Sometimes a person doesn’t know what they don’t know. Sometimes a boy grows up in a tunnel, with a single path ahead of him, surrounding him, always closing in on him. Sometimes the tunnel is the only option.
David was born into poverty. His male role models were drug dealers. How could he be expected to hope for anything else?
This is David’s story.
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David was born and raised in North Charleston. His family – his mother, three sisters and three brothers – lived in a trailer park. His mother worked two jobs to pay the bills, but it didn’t occur to him that it was unusual. “Her working didn’t hit me till later on,” he says. “Then it’s like, ‘Damn, you got bills, you got seven kids to take care of!’ She had a lot of responsibilities, but you don’t see that when you’re young. You just want want want.”
David’s father was almost entirely absent; he saw his daddy once in Georgia but only for a couple of days. But that, too, was okay when he was young. “I used to get my mama a Mother’s Day card and a Father’s Day card,” he says. “That’s my mama and my daddy. She played both cards and was a strong black woman.”
His best memories are of riding around town on his bicycle. “There were about ten of us,” he says. It felt like they ruled the streets, those boys riding on a BMX with pegs or a Pacific Huffy, popping wheelies and goofing around. It sounds like a typical suburban childhood, right? Only there was a catch: the bikes they rode were likely stolen, or found, broken, and fixed. It didn’t occur to David that this wasn’t normal. It didn’t occur to him not to steal.
Nowadays he thinks maybe things might have been different if his daddy had been in the picture. Maybe, he thinks, his daddy would have told him not to sell drugs. Maybe he’d have suggested David join the army instead, but the reality is: all David’s male role models sold drugs. His mama’s boyfriend did. The guys he saw on the street did. The guys for whom he did odd jobs did. He says, “They all told me not to sell drugs. They told me to stay in school. But they showed me the lifestyle.”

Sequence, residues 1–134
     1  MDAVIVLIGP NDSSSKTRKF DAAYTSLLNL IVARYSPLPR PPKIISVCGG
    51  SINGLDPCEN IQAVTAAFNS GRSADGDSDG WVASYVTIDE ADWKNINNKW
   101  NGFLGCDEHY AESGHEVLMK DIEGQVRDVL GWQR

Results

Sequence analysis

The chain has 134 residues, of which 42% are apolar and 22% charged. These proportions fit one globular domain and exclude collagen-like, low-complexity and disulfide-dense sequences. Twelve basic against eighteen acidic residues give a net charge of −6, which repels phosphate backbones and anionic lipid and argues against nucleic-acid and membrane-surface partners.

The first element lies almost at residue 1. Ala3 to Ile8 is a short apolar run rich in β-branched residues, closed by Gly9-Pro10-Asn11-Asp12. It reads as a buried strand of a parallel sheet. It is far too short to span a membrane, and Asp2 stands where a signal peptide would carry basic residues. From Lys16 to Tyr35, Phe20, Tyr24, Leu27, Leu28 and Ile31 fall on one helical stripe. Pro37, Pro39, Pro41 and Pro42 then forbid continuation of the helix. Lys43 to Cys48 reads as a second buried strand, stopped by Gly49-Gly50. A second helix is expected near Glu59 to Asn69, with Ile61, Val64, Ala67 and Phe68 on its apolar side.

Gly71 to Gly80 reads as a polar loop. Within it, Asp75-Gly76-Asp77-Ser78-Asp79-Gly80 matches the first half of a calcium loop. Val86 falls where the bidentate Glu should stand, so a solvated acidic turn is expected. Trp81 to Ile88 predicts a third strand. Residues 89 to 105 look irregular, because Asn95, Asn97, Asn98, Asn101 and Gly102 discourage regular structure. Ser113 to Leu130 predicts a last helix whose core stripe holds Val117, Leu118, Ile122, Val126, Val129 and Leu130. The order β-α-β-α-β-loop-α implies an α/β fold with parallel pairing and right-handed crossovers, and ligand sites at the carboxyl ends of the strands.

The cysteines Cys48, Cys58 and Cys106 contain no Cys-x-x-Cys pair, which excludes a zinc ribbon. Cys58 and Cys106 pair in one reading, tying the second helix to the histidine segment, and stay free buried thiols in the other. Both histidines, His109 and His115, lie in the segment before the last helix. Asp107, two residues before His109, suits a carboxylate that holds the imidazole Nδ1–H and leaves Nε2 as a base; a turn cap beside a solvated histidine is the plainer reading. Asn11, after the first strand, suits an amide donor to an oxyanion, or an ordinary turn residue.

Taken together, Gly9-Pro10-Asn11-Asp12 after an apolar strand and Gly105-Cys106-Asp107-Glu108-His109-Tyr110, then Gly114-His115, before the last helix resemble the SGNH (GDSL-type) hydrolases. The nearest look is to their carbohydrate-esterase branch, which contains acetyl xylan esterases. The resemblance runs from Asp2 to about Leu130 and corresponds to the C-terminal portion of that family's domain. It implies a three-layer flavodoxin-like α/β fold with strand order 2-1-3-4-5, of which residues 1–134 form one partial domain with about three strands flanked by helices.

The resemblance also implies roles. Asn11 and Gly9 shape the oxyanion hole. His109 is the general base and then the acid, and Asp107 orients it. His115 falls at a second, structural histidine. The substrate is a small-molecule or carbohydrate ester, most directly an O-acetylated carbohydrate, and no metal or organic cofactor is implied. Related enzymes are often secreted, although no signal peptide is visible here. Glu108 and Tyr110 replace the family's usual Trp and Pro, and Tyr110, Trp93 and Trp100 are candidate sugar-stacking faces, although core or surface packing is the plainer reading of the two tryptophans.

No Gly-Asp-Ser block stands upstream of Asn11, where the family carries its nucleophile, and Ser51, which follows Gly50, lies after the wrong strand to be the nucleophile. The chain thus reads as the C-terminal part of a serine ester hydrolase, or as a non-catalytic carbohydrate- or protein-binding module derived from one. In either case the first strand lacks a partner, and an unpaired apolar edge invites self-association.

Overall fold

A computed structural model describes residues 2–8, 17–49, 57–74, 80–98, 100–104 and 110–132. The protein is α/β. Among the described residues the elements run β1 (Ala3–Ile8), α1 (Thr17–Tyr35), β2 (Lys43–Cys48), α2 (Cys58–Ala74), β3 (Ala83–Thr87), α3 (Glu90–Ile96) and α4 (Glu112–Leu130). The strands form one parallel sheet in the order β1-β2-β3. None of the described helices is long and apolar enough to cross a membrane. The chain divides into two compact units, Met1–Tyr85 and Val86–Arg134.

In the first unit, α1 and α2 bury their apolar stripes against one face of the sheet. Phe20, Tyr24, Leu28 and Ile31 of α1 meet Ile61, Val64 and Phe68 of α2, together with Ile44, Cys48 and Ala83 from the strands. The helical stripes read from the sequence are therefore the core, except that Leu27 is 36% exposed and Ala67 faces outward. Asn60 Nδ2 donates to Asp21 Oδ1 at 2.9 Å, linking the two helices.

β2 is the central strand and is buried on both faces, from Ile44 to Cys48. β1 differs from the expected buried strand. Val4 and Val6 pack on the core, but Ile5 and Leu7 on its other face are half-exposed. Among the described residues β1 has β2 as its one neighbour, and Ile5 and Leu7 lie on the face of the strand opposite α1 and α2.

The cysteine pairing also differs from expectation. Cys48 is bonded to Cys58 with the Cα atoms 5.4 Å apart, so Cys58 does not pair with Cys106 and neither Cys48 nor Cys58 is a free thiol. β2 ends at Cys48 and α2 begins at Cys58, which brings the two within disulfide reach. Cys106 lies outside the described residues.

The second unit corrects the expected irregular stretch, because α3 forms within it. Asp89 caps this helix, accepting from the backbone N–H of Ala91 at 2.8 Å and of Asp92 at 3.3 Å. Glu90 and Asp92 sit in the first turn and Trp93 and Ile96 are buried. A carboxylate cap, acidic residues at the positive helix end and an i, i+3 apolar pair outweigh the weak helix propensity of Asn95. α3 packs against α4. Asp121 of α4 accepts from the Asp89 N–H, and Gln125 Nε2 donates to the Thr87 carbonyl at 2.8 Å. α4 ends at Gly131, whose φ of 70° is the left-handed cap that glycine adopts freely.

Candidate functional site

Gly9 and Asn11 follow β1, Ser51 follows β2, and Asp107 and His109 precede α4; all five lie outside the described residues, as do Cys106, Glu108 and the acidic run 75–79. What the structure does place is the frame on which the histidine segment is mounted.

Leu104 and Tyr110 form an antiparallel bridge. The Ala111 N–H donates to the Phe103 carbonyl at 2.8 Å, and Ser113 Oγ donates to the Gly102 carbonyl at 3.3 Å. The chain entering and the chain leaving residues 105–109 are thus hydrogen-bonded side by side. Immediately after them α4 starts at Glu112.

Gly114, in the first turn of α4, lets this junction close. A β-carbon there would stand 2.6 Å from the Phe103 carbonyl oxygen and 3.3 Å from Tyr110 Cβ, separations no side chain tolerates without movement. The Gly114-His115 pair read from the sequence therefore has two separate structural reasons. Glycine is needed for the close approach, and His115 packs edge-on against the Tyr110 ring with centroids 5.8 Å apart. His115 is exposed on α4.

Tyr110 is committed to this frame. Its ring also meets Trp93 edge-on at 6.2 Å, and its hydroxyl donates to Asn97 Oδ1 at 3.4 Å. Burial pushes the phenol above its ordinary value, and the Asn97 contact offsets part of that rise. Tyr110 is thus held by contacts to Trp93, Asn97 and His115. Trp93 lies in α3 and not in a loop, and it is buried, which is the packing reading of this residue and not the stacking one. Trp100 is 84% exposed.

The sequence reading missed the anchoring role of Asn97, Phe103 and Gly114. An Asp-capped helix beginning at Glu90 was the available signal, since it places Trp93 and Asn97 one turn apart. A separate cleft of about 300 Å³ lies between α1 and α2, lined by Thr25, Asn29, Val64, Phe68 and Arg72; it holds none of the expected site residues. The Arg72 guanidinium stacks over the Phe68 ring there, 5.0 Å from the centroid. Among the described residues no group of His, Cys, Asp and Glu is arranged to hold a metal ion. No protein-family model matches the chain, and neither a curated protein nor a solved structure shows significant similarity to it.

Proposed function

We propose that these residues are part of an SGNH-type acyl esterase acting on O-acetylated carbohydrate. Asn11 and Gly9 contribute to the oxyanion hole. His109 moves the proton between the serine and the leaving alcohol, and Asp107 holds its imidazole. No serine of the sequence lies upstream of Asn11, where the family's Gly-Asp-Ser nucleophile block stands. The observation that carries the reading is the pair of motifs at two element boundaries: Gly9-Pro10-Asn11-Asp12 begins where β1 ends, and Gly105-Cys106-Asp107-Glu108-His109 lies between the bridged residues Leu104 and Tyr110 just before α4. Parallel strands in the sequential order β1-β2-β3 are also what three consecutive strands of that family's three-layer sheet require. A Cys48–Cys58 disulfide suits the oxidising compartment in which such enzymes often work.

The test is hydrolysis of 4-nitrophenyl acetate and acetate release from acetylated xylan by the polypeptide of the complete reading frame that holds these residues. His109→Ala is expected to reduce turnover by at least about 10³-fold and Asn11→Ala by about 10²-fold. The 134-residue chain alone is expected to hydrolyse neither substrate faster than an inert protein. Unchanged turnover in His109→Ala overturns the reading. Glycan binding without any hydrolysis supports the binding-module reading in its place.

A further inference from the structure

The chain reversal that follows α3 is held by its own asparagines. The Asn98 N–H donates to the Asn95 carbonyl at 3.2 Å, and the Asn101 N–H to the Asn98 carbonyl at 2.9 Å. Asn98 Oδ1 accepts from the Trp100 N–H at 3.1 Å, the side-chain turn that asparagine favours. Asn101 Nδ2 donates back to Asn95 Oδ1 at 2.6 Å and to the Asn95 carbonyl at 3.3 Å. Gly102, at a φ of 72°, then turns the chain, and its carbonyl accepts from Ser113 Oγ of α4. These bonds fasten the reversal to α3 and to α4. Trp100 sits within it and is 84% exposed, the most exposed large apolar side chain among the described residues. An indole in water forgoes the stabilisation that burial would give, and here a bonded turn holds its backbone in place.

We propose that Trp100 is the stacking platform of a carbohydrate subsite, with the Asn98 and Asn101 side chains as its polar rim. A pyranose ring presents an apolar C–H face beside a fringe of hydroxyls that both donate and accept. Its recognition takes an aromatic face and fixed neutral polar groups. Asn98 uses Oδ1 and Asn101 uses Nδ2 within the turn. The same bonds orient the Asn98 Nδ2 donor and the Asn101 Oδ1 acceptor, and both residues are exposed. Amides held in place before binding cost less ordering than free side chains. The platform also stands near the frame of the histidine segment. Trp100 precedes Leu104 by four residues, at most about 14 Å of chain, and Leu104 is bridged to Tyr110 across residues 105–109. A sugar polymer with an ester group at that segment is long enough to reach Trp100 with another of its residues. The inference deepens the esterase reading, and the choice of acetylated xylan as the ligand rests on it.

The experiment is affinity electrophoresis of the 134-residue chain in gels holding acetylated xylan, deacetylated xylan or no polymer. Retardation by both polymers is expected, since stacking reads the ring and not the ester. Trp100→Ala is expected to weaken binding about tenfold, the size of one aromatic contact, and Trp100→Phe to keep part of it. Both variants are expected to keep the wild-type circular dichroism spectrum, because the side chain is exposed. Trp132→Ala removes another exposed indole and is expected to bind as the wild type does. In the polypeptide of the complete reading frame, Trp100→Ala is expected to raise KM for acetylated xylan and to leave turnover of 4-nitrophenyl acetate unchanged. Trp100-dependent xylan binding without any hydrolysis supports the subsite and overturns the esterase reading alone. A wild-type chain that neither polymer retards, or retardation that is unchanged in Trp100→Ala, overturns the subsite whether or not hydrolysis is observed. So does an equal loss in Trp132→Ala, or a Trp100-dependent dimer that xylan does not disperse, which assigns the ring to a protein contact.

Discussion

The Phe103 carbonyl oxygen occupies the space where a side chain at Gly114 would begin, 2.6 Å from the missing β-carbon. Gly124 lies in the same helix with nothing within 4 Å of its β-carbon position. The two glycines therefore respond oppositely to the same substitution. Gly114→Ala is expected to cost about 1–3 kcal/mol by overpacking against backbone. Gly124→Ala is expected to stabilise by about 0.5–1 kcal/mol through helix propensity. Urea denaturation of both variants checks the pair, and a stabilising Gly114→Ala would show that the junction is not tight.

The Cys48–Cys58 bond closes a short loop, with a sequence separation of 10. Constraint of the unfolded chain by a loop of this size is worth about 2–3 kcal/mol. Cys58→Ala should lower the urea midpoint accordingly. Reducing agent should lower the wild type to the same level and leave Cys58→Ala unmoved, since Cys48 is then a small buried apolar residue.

“All that money,” he says. “That’s what drew me in. A pocketful of money.”
David’s first drug sale came when he was around 12 or 13 years old. He’d done an odd job for a guy who restored houses and had $40 in his pocket. Typically, he’d use it for kid stuff – the skating rink or things like that – but this time he made an investment. He bought some drugs and flipped them, bought some more and flipped those too. That was all it took. David was all in.
But with the lifestyle, of course, comes trouble, and David soon found plenty of that. His first arrest came when he was about 14 years old. He was low on cash, and he and some other guys had heard a neighbor had some bricks (drugs) in the house. Someone suggested David check it out, so he did. “I took some drugs out, some jewelry, and a mattress,” he says. He lived two doors away, and someone saw him struggling with the mattress and called the cops. He was busted, spent seven days in juvenile and had to attend a program downtown.